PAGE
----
The Devotion to Christ – We all need a solid fence

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My new neighbor recently told me the homeowner before us did not keep up the yard for years. The grass was knee high, weeds were hip high, saplings all over the place were fighting for sunlight and poison ivy was everywhere. The wilderness had been beaten back in some areas at the property line, but attention was still needed.

After settling in, we noticed several large dogs, some very rough looking, meandering through our property as though they owned it. We were also seeing field rats the size of squirrels and hearing stories of the occasional coyote. One neighbor was catching images on his game camera of a six-foot tall black bear! How were we to protect our dog, our three goats, and our eight chickens from all of this local wildlife? Of vastly more importance, how were we to protect our five children?

As a dad, I’m completely responsible for the protection of my children, but with so many possible threats and the business of life, how am I to keep watch? I suppose that I can beat back the wilderness even farther, but with no wall or boundary, there can be no rest. I want to be at my post and at the ready, but will I be able to do so? What can I utilize to assist with defense and protection, as well as allowing for freedom of play, recreation and rest?

It seems like a good time for a solid fence.

What does a fence do, and how is it spiritually instructive? A good fence, just like the way of life prescribed by Jesus’s commands, keeps the good things in and the bad things out. It removes (or at least mitigates) threats while creating space for peace and freedom.

Every wild animal and every criminal are alike in one thing – they love only themselves and are looking for an easy score. The animal seeks the young and weak, as they will not be able to put up a good fight or strong resistance (1 Peter 5:8). Is it different with the kidnapper or thief (John 10:10)? Evil, when pursuing its prey, meets a wall of resistance that causes pause. It meets the fence and is faced with the difficulty of getting what it wants. As a result, the good can continue to dwell in relative freedom and joy. Within the fence there is opportunity to make an escape when an enemy is at the gate.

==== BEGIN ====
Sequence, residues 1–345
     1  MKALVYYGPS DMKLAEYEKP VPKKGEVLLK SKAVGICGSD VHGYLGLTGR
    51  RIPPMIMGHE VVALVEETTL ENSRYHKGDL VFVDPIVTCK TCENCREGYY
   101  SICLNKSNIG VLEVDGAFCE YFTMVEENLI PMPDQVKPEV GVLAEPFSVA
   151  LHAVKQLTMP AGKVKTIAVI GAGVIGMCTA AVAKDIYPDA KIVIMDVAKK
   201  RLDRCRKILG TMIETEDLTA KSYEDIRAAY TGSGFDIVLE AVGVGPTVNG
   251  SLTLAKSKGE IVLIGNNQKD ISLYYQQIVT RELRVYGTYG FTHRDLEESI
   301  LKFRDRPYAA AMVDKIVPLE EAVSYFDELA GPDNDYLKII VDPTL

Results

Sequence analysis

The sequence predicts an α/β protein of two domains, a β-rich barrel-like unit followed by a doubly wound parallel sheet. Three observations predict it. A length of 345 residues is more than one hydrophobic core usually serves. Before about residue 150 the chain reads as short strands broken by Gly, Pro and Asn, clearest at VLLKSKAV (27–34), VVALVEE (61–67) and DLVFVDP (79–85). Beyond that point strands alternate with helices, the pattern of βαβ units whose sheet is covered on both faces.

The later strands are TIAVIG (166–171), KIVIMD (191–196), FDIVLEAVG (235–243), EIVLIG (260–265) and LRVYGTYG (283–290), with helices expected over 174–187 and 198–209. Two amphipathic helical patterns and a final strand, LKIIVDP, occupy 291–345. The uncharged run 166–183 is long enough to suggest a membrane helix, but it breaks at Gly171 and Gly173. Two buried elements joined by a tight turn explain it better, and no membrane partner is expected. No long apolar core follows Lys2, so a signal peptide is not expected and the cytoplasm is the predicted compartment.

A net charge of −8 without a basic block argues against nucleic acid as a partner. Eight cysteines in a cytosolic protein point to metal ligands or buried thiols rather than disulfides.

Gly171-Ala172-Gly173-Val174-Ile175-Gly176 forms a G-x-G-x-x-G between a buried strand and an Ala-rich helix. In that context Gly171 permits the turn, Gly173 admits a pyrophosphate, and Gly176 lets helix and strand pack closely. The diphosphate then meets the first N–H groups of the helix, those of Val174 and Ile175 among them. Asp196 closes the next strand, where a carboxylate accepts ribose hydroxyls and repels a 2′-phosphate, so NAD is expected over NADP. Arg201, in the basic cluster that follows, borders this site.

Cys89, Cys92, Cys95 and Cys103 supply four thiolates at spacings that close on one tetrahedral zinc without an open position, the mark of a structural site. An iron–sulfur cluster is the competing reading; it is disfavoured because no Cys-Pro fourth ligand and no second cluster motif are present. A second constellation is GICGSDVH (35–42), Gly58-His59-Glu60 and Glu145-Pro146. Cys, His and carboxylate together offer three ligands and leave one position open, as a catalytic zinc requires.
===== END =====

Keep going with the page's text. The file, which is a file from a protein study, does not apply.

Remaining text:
But there comes time where the good may become curious and tempted, “did God really say?” (Genesis 3:1). Wanting to rebel and explore while being wooed by the darkness, we sometimes wonder if our freedom is a prison. Tip-toeing towards danger, we meet a wall of resistance that causes pause. We have the opportunity to return to our first love and continue to live in peace and freedom, for the boundary is not a prison; rather, it is our hope to “have life and have it more abundantly” (John 10:10 again!). So, there is freedom in the fence.

But what is freedom?

Freedom does not mean we are free to do “whatever the heck we want.” No, that is the world’s version of freedom, and that version is a temporary and deadly lie (1 John 2:17) that sounds eerily similar to the serpent’s lie in the garden.

To be sure, freedom is being finally able to do what’s right. Jesus Christ has come to free us from sin, which gives us the capacity to obey God’s law (Galatians 5:1), and “if the Son has set you free, you are free indeed” (John 8:31-36). But that very freedom from sin must be guarded and protected, and space must be created to allow for it to thrive.

Our fence serves as The 50 Commands of Christ. Living free is being freed from the domination of sin and living out that freedom in obedience to Christ. The thin line of separation between the one who comes to destroy and the One Who brings life is the good fence. Beloved, live free and live in obedience to Jesus Christ.

Brian Cook is a Cropwell native and a graduate of Pell City High School, Gadsden State Community College and studied music and history at Jacksonville State. He and his wife Hope have five children. A self-described “on-again-off-again bi-vocational part-time” Protestant minister for almost 20 years, Brian converted to Catholicism in April 2021. They attend Saint James Catholic Church in Gadsden. With no formal training (Acts 4:13), Brian is active in the Catechetical training of children and adults. His book “The Devotion to Christ” can be found on Amazon. He is available for speaking and teaching engagements in any parish, church, or group setting. He may be contacted at thedtc@protonmail.com or thedevotiontochrist@gmail.com.

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